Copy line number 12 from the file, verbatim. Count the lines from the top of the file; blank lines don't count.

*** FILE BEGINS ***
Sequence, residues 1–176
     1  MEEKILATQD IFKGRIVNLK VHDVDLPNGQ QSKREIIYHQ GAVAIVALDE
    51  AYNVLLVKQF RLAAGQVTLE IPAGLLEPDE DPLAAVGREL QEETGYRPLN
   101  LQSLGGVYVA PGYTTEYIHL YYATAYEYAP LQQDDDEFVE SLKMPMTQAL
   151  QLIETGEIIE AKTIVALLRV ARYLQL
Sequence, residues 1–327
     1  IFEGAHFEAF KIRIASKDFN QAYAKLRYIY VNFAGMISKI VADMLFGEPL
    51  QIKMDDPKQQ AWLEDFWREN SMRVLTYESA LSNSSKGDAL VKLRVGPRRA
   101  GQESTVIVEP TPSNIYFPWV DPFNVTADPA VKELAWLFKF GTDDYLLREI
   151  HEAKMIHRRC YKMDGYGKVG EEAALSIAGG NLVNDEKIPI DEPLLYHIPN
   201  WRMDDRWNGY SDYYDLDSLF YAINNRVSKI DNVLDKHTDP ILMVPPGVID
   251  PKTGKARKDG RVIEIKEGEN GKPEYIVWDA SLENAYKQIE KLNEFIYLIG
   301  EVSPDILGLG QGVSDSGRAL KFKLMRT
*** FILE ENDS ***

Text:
   251  PKTGKARKDG RVIEIKEGEN GKPEYIVWDA SLENAYKQIE KLNEFIYLIG